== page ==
SEOUL- A senior Chinese envoy was in North Korea to prod the reclusive state back to stalled nuclear talks while the South sent a team across the border on Monday for talks to restart tourism projects halted due to political wrangling.

The North will also host the U.N.'s top political envoy later this week, with analysts saying this engagement may bode well for the dormant six-way disarmament-for-aid talks and could lead to Pyongyang reducing the security threat it poses to the region.

The destitute North is feeling pressure to return to the nuclear talks, where it can win aid to prop up its broken economy, due to U.N. sanctions imposed after its nuclear test in May 2009 and a botched currency revaluation that sparked inflation and rare civil unrest.

Analysts said there is a chance the North could launch military moves if the talks do not go well. Market players have said this would dampen sentiment and serve as a reminder of the dangers of investing in the troubled peninsula.

Chinese Communist Party international affairs chief Wang Jiarui flew to North Korea at the weekend. Wang met Kim Jong-Il last year, and received a denuclearisation pledge from the North Korean leader.

Wang met senior officials other than Kim at the weekend. He is expected to stay four days and have discussions with Kim, the South's Yonhap news agency quoted diplomatic sources as saying.

China, the destitute North's biggest benefactor, is seen as having the most influence on the reclusive state. Kim Jong-il told the Chinese premier in October he could return to the nuclear talks if conditions were right.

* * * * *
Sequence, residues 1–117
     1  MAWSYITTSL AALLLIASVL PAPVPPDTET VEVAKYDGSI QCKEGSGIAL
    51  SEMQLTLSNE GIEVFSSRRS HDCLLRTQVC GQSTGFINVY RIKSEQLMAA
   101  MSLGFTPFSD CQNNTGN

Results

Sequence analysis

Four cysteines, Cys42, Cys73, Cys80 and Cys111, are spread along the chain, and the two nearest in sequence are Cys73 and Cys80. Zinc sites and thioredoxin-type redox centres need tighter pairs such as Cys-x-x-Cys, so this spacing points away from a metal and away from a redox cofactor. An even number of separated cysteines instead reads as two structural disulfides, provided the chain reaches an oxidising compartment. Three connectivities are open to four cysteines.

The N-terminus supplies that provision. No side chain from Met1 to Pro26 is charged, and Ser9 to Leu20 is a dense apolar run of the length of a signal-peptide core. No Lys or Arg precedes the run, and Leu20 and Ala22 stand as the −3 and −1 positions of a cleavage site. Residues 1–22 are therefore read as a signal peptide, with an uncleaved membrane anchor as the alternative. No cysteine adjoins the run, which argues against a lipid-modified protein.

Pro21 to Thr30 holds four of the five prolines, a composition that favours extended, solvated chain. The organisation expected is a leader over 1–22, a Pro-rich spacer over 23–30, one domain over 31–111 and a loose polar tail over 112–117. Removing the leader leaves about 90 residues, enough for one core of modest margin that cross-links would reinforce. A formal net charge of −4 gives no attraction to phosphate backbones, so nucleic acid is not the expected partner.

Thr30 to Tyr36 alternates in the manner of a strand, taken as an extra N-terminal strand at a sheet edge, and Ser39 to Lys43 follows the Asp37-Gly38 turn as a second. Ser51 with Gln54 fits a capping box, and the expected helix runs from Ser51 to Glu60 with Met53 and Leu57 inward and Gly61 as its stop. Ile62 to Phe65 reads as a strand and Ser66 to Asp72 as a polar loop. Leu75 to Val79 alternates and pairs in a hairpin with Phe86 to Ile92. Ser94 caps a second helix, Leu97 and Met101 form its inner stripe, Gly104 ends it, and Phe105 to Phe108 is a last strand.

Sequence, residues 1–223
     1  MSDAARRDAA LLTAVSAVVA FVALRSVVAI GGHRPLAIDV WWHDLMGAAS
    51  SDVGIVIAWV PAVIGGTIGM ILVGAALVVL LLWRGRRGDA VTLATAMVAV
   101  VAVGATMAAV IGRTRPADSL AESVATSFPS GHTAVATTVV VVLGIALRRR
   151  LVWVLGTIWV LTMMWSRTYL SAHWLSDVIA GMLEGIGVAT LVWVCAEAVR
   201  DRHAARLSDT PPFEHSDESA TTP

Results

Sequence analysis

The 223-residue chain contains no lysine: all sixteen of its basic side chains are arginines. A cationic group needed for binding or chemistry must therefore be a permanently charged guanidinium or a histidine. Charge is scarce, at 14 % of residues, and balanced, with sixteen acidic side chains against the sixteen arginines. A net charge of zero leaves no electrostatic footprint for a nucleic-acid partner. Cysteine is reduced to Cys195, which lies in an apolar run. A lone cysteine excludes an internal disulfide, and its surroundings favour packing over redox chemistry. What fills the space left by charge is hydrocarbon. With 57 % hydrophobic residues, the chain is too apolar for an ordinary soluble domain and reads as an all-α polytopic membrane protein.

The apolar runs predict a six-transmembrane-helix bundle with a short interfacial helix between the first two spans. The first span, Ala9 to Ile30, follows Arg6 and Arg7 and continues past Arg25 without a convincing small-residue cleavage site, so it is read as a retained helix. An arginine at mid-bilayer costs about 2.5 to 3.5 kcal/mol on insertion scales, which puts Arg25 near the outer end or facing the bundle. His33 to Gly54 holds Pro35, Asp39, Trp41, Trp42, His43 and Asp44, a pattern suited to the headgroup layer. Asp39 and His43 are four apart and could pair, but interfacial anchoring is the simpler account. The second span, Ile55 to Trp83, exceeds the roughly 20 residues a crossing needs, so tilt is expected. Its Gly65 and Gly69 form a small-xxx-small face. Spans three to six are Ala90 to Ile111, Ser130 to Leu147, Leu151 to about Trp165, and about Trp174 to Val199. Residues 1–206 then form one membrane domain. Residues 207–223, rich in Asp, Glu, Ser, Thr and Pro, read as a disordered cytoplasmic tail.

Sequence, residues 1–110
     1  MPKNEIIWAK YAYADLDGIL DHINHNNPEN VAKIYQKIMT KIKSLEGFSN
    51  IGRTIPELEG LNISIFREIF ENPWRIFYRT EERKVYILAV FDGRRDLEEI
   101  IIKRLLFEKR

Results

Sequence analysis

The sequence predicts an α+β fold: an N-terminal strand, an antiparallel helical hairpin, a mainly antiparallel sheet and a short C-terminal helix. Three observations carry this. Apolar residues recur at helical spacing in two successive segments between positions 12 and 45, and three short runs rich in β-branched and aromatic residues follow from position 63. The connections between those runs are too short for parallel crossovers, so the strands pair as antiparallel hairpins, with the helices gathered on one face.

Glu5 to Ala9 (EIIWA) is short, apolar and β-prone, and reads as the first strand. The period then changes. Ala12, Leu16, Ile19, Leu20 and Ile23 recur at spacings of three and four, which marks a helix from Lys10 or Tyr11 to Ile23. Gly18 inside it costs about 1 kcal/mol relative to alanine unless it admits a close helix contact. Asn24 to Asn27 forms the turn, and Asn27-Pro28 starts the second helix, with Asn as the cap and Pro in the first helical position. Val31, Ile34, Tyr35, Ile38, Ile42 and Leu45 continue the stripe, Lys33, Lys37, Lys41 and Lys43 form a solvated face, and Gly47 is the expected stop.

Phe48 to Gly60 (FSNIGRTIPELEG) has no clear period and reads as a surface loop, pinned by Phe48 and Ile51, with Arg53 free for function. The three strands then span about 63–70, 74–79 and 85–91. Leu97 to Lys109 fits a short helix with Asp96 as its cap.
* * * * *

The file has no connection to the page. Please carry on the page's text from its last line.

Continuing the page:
In a move seen as bettering the mood with the United States, the North's most important dialogue partner in the nuclear talks that also include China, Japan, Russia and South Korea, Pyongyang at the weekend released a U.S. missionary it had held since late December for illegally entering the country.

North Korea is recent weeks has been reaching out to South Korea, which once was a major aid donor, but also threatening its neighbour and U.S. military ally by firing artillery near its neighbour on the troubled peninsula.
Analysts said the North wants to underscore the threat it poses to North Asia, which is responsible for one-sixth of the global economy, in a ploy to increase its bargaining leverage.

The Koreas were set to begin talks on joint tourism projects in the North run by an affiliate of the South's Hyundai group.

The tours, suspended for more than a year, once earned the North's leaders tens of millions of dollars a year and Kim Jong-il has appealed to have them restarted.

South Korean President Lee Myung-bak, who took office two years ago, ended unconditional handouts to the North and linked aid to progress his neighbour makes in reducing the military threat it poses to North Asia.

(Editing by David Fox)